Cliff Bradshaw is a violent man with a violent temper. He grabs Sally's arm, pushes her down on the bed, and slaps her when he learns she has given her fur coat to a doctor in exchange for an abortion. His immorality and self-righteousness know no bounds. He has no problem smuggling suitcases of money from Paris to Berlin for Ernst so long as he doesn't explicitly know the political ideology of the party he is smuggling it for but when he accidentally learns Ernst is a Nazi, he becomes angry and refuses to go on any more trips. Cliff Bradshaw had no problem teaching all of Ernst's Nazi friends how to speak English but after seeing a swastika tattoo on his arm,  he suddenly takes the position of moral superiority. Ernst tries to explain the Nazis are "the builders of a new Germany" and that, if he were German, he would understand. When Ernst inquires about the reason for Cliff's coldness (and whether it had to do with his advice to Fraulein Schneider that it might be ill-advised to marry Herr Schultz, a Jew, at this time), Cliff hauls off and punches Ernst in the face. Three of Ernst's friends intervene and beat Cliff up (Cliff's funny line to Sally when she sees the result of the beating was, "You should see the other three guys. Not a mark on them!"). To gain emotional support for his betrayal of Ernst, Cliff demands that Sally starts hating Nazis too, even though she is not in the least bit political (He tells her, "If you're not against what's going on, then you might as well be for it."). Fraulein Schneider takes Ernst's advice and breaks off the engagement with Herr Schultz. As she says, "we can't dismiss the Nazis. Many of them are my friends and neighbors. We must be sensible." Fraulein Schneider utters the funniest line in the musical after she confronts Fraulein Kost for bringing into her apartment a parade of sailors. Fraulein Schneider says, "With all the sailors coming in and out, God only knows what the neighbors think I'm running here - a battleship!" She then sternly warns Fraulein Kost, "If you want to stay here, you must not let me catch you bringing in sailors." Eventually, Cliff Bradshaw leaves Berlin without Sally Bowles but with plenty of new material and inspiration for his new novel.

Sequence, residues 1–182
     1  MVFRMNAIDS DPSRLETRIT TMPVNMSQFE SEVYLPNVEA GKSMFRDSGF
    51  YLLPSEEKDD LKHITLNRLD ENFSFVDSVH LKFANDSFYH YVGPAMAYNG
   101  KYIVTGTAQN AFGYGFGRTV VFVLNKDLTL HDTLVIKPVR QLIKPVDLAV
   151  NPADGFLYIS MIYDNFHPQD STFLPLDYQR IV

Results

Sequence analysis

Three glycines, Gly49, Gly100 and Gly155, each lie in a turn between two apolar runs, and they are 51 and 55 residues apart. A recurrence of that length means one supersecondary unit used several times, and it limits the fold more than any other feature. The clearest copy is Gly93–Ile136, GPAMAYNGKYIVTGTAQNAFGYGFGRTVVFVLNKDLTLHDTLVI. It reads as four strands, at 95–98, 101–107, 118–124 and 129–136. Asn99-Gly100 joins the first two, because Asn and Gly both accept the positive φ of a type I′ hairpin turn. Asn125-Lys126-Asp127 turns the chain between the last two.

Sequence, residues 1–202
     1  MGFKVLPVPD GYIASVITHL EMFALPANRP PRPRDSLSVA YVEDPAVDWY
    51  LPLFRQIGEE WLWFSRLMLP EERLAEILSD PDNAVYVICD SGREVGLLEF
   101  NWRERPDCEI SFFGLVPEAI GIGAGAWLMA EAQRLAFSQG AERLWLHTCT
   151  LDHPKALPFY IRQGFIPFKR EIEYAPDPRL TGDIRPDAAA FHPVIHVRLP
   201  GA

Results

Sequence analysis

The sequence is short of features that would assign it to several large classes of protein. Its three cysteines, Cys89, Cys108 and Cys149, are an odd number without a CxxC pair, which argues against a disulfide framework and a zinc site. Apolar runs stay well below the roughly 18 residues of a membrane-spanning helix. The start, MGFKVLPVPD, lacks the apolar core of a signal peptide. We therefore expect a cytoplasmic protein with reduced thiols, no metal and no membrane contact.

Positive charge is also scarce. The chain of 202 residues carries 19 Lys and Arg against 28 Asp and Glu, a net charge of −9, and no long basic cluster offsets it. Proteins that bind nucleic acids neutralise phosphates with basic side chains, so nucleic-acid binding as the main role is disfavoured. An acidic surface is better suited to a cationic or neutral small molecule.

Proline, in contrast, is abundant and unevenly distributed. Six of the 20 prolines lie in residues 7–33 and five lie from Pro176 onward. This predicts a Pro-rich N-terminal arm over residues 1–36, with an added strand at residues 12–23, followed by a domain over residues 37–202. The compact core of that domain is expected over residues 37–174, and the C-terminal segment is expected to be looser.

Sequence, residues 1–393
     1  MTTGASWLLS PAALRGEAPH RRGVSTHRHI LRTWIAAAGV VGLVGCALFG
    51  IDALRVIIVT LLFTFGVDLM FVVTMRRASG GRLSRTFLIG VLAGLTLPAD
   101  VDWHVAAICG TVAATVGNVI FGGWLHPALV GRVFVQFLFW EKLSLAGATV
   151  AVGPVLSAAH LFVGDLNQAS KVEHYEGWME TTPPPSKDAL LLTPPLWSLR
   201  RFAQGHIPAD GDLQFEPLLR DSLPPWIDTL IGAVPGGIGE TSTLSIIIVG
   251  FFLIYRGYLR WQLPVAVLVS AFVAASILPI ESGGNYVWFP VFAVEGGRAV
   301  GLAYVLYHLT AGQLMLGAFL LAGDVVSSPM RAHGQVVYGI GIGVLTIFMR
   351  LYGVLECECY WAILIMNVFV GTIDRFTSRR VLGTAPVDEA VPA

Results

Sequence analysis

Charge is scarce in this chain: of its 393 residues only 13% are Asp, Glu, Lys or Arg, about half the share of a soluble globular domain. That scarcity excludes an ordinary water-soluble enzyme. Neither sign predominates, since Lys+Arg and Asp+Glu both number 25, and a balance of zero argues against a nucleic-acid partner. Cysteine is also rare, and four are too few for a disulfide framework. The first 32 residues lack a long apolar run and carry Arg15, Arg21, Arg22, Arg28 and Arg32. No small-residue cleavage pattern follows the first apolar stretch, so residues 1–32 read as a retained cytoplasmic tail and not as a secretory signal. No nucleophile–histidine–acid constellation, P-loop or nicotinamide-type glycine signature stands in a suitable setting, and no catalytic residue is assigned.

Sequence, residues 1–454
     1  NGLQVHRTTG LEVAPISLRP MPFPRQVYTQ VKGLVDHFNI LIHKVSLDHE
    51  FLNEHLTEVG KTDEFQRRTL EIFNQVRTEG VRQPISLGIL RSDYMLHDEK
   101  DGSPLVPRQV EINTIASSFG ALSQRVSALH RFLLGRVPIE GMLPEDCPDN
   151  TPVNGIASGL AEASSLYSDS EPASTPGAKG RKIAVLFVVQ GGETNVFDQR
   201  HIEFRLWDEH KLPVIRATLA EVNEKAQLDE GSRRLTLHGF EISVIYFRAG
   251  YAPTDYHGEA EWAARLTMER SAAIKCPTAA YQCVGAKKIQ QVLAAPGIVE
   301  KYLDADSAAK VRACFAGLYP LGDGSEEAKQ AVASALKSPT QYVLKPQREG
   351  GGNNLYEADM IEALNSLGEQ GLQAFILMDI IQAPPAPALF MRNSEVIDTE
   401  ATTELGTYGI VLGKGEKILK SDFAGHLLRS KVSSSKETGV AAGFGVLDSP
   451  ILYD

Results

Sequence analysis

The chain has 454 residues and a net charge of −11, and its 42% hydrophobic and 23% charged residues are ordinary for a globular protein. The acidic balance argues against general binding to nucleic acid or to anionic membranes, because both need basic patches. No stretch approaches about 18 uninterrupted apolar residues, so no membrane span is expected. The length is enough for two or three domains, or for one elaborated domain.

This production of Cabaret at The Secret Theatre is an unmitigated success. The set and the costumes are magnificent and much effort was put into making the audience feel as if they were patrons in the Kit Kat Klub. The short distance between the actors and the audience creates an atmosphere of intimacy as does the inspired placement of the musicians in every corner of the theater. Seeing this musical is an experience you will not soon forget. It's a winner! While some of the alternative casting choices might at first be a cause for concern, I can assure you a few minutes into the play, you will realize that casting Larry Owens as Emcee and Sue Lynn Yu as Fraulein Schneider were inspired decisions. Larry Owens makes the part his own and his confident stage presence helps you to leave the problems of the world outside because in his club, "life is beautiful." Sue Lynn Yu portrays Fraulein Schneider as a practical, yet sympathetic, character. She had a very big challenge to bring her own unique twist to this role and handled the task extraordinarily well. At the Kit Kat Klub, you are asked if you would like a boy or a girl, but that is a trick question because some of the "girls" are "boys." Of all the Kit Kat Klub girls and boys, the standout performer was Vinny Celeiro, who played Texas ("who's actually from Florida"). Tall and blond with a charismatic stage presence, Mr. Celeiro commanded attention and dominated the chorus line.